In the early 1920s, the international freight trade collapsed leaving as many as 1,000 Norwegian seamen unemployed and unable to get back home. With little to no income many of them made shelters on a large area of landfill and rubble just north of Erie Basin. In 1918 New York City’s Department of Transportation had bought the area and knocked down the buildings that were there with the intention of building a switching yard for the trains moving cargo along the waterfront. The plan was then dropped, and soon the remains of buildings were joined by discarded furniture, building materials and other large objects dumped there. For the homeless Norwegians this place provided both a space and materials to construct shacks to live in. Economic conditions improved, briefly, in after 1922 and many moved out but the population swelled even larger following the Depression of 1929. This time the Norwegians were joined by Porto Ricans who found themselves in similar straits.
One of the early names for the makeshift settlement was “smoke castles,” notes Norwegian scholar Roger Kvarsvik. This was presumably for the dangerous, and equally makeshift drink made of wood alcohol, sugar and water popular there. The drink when mixed had a smoky look, but while cheap was sometimes lethal.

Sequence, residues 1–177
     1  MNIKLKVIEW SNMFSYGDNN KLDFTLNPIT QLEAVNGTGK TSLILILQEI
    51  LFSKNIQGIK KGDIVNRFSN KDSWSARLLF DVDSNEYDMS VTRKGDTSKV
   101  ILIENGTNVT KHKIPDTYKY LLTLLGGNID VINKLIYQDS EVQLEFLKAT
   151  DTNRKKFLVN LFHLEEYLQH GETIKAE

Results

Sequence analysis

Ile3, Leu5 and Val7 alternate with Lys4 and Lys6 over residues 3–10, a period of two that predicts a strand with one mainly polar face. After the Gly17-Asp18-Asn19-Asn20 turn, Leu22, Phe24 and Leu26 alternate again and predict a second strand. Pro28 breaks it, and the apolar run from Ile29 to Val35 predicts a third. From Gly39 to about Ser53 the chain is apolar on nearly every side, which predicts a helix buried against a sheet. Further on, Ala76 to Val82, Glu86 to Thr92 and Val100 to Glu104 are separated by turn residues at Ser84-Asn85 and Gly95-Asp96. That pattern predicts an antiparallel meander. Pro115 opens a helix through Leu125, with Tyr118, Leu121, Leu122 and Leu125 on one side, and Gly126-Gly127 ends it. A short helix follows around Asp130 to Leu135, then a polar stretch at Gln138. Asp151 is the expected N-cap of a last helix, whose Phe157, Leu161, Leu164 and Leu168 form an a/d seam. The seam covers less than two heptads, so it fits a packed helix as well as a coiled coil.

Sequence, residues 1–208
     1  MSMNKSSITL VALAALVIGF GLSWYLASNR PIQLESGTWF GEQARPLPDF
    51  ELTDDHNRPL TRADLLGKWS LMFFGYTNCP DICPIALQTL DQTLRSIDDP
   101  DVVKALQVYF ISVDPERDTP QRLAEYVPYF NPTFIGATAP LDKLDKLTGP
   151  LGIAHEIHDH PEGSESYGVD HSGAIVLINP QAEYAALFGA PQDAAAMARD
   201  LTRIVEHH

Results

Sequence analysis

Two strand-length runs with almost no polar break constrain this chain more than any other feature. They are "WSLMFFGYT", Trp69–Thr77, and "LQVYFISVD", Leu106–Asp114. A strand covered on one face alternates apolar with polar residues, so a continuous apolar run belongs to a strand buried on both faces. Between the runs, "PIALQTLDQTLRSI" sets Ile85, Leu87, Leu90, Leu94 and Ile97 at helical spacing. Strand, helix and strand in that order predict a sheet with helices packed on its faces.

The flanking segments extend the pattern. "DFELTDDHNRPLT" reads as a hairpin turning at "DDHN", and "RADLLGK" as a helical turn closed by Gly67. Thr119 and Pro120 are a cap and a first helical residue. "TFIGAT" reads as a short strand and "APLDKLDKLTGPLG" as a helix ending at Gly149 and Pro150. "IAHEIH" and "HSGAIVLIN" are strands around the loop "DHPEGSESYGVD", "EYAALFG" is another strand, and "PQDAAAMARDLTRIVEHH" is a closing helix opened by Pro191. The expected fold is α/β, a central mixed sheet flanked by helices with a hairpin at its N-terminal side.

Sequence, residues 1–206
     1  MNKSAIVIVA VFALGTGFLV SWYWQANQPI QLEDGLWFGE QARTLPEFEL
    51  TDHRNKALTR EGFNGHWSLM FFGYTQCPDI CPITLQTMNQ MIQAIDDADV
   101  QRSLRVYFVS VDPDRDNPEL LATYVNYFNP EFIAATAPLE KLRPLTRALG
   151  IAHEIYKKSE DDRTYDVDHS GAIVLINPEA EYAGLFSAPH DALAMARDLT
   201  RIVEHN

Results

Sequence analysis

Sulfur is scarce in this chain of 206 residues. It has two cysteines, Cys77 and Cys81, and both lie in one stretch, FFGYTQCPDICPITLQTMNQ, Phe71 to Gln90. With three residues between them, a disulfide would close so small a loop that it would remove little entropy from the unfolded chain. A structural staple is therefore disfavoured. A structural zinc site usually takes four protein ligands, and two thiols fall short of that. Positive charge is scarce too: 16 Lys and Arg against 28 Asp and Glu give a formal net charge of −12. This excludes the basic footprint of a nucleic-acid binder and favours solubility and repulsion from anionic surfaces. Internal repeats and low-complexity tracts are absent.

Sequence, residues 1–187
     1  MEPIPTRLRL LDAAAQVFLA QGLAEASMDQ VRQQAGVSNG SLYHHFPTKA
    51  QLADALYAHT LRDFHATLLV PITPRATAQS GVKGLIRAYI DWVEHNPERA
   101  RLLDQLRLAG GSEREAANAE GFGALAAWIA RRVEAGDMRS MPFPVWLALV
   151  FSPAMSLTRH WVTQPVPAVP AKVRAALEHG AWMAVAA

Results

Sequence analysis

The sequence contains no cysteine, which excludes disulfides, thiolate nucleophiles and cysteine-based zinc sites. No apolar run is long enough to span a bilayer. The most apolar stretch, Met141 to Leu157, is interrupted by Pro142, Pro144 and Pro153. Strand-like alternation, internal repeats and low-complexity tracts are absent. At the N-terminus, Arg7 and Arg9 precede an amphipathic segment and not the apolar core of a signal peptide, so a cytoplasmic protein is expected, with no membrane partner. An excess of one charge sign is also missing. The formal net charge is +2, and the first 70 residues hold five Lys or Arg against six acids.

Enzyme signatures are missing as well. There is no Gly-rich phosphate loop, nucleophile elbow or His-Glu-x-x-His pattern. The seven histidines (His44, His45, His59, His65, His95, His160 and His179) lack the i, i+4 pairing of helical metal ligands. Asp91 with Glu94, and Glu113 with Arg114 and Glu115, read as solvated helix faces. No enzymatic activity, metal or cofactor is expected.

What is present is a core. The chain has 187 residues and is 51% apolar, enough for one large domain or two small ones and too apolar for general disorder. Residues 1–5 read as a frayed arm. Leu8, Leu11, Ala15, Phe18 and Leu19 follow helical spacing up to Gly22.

The area was christened Ørkenen Sur in 1926. Meaning ‘bitter desert’ or ‘barren wilderness’ in Norwegian, the name was reference to such a land mentioned in the book of Exodus. It was all called, among other names, Tin Can Hill, Hoover City and simply shanty town. With over 700 people living in Ørkenen Sur the place, reports Kvarsvik, had its own hairdressers, artisans and even its own meeting hall and “mayor.” People survived by bartering, taking odd jobs and through food and charity from the several religious aid organizations.
The end to Ørkenen Sur began in September 1934, when the city began to convert much of the land into a park.
It is estimated that during its existence between 30-40 Norwegians died there chiefly from tuberculosis, pneumonia and alcohol poisoning. Still despite all its problems, lack of proper sanitation not the least of them, many of the shacks were well made and tended made by desperate by proud men.